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[IPk] Vigorous Walking May Slow Biological Aging to a Crawl



http://www.medpagetoday.com/PrimaryCare/ExerciseFitness/tb/9080


TORONTO, April 10 -- Vigorous walking for about an hour a day five times a week
 can chop a dozen years off the biological age of persons 64 and older,
according
to a researcher here.

A review of recent studies in patients age 64 and older showed that such a
regimen can boost maximal oxygen intake by about 25% within three months,
effectively decreasing biological age by about 12 years, Roy Shephard, M.D.,
Ph.D., of the University of Toronto, reported online in the British Journal of
Sports Medicine.

This could also extend a patient's functional independence -- which is likely
lost when maximal oxygen intake drops below 18 mL/kg/min for men and 15
mL/kg/min for women -- by about the same amount of time, he said. Action Points

--------------------------------------------------------------------------------

Explain to interested patients that this review of recent literature found that
 maintaining or increasing aerobic fitness may slow biological aging and
lengthen
independence in older age.
The benefits of aerobic exercise increase the longer it is performed, he said.


"There remains a need to clarify the importance of deteriorations in fitness
relative to other potential causes of dependency," he wrote, "but, from the
practical viewpoint, regular aerobic activity can address many of the issues of
both functional loss and chronic disease."


Past studies by Dr. Shephard suggested that keeping up aerobic fitness could
stem the onset of dependency in older patients by maintaining functional
capacity.


 A program of endurance training could offset the expected loss of 5 mL/kg/min
in
maximal oxygen intake per decade, which equates to about 10 years of biological
age, he said.


To assess the current state of knowledge on the subject, Dr. Shephard reviewed
30 studies published since 1990.


There was some uncertainty in the findings about the rate of decline of maximal
oxygen intake in older patients.


 The use of different study designs -- longitudinal or cross-sectional -- and
the
fact that most data were collected from relatively healthy participants made it
difficult to compare the data.


"There is thus some inter-observer disagreement on the rate of deterioration
during the retirement years," he wrote, "but is seems reasonable to postulate
that a loss of at least 4 to 5 mL/kg/min per decade continues into advanced old
age."


As maximal oxygen intake dropped through the years, the amount of activity a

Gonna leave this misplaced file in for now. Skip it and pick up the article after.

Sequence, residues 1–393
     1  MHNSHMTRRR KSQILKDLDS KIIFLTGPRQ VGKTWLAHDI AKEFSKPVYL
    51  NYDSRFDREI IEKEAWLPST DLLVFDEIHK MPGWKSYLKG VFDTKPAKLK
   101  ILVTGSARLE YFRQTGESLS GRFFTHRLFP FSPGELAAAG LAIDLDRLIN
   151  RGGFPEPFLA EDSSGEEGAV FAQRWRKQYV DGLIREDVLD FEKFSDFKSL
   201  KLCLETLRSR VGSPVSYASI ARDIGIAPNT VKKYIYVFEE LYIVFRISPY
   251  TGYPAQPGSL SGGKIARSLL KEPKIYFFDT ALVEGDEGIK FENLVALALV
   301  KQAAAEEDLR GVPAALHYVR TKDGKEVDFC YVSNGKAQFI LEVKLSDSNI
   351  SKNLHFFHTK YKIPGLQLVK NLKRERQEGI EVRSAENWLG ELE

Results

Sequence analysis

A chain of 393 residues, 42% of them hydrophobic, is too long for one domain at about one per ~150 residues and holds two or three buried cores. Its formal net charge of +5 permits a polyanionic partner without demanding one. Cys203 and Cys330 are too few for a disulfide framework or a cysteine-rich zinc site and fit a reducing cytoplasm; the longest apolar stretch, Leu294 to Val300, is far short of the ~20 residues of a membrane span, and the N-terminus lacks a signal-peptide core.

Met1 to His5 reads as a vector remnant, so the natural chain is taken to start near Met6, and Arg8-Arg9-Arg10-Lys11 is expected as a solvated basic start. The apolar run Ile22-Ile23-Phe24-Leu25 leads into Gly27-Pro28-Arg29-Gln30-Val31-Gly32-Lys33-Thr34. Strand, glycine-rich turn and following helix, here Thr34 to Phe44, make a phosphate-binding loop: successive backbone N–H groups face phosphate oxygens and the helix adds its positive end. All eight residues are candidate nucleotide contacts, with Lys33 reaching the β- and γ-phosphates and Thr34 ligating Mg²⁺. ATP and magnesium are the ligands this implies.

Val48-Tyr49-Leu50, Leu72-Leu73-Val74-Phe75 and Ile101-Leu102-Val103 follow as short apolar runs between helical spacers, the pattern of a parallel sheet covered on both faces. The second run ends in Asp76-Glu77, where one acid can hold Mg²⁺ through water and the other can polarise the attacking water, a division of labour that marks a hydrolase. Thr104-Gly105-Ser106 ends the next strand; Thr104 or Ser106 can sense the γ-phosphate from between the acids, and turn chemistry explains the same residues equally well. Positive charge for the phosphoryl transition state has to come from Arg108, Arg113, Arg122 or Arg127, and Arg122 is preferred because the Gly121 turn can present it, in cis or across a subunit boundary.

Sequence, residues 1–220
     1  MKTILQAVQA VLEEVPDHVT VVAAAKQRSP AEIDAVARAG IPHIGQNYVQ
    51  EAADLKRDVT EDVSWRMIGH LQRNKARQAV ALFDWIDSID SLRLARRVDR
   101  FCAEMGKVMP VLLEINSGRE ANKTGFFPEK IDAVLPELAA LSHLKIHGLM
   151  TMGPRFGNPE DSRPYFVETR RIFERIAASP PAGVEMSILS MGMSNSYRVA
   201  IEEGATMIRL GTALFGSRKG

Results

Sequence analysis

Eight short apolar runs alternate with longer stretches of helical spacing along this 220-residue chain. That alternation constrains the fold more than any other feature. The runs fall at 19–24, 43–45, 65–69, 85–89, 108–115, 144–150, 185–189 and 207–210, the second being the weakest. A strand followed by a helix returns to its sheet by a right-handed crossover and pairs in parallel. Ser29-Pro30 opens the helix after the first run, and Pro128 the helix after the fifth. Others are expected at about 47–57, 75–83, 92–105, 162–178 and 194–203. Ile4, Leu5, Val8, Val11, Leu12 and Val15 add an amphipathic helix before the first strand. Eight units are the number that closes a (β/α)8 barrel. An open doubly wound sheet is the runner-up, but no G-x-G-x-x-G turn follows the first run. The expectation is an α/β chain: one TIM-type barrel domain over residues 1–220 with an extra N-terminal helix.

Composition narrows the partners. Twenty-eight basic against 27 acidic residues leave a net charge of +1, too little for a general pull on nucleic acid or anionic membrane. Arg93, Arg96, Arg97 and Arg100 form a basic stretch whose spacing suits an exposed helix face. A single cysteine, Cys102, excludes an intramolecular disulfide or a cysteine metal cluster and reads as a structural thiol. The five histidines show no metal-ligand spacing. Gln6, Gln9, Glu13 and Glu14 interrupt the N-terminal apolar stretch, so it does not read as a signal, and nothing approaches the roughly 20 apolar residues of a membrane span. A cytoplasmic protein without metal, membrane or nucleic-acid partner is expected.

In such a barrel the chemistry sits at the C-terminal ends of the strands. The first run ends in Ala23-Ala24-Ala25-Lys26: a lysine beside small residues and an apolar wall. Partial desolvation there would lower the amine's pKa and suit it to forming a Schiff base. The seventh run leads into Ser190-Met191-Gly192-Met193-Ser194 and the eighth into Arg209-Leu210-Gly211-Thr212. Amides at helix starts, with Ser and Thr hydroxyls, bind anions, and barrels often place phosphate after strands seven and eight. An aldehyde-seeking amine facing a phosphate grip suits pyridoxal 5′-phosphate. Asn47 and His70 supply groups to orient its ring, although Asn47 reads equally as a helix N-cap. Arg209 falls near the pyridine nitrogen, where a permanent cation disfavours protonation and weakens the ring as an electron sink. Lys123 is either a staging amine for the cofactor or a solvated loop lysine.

patient could participate in without becoming fatigued declined until
functional
independence was lost.


 In one cross-sectional study, researchers found that the risk for dependency
was
increased by 14% for each 1 mL/kg/min loss in maximal oxygen intake in patients
ages 55 to 86.


However, Dr. Shephard wrote, it remains difficult to determine how much of the
risk of dependency comes from a reduction of aerobic fitness because, in most
studies, few of the participants beginning a trial complete it, and those that
do are generally more healthy.


 The studies reviewed showed a trend toward greater gains in aerobic fitness
with
a longer training regimen. Average gains were 12.9% in an eight- to 10-week
program, 14.1% in a 12- to 18-week program, and 16.9% with 24 to 52 weeks of
training.


 Those studies that used a high-intensity regimen reached the gains of 25%,
which
equals an increase in maximal oxygen intake of 6 mL/kg/min or a decrease of
about 12 years of biological age.


Dr. Shephard noted that aerobic fitness may indirectly delay dependency by
preventing other conditions that are likely to diminish functional capacity,
including obesity, diabetes, hypertension, myocardial infarction, stroke, some
forms of cancer, and osteoporosis.


 Exercise also hastens recovery from injuries and any additional muscle power
may
prevent falls, he said.


"There seems good evidence that the conservation of maximal oxygen intake
increases the likelihood that the healthy elderly person will retain functional
independence," he said.


After completing the review, Dr. Shephard said that there is still missing
information on how much aerobic fitness contributes to continuing independence
in older patients.


 He said that further research needs to focus on which services or changes in
the
home can postpone institutionalization in a cost-effective manner.


Dr. Shephard declared no competing interests.



Primary source: British Journal of Sports Medicine
Source reference:
Shephard R, "Maximal oxygen intake and independence in old age" Br J Sports Med
2008; DOI: 10.1136/bjsm.2007.044800.



Kind Regards

 Jackie Jacombs, mum of Sasha aged 13, diagnosed with diabetes in 1999 at the
age
of 4 years.  Now using Paradigm 712 pump. Attends Gloucester Royal Hospital
where there are about 18 children on pumps, Sasha has an identical  twin sister
Rebecca, both twins have coeliac, I have two older girls, Nicki and Danni,
husband Terry



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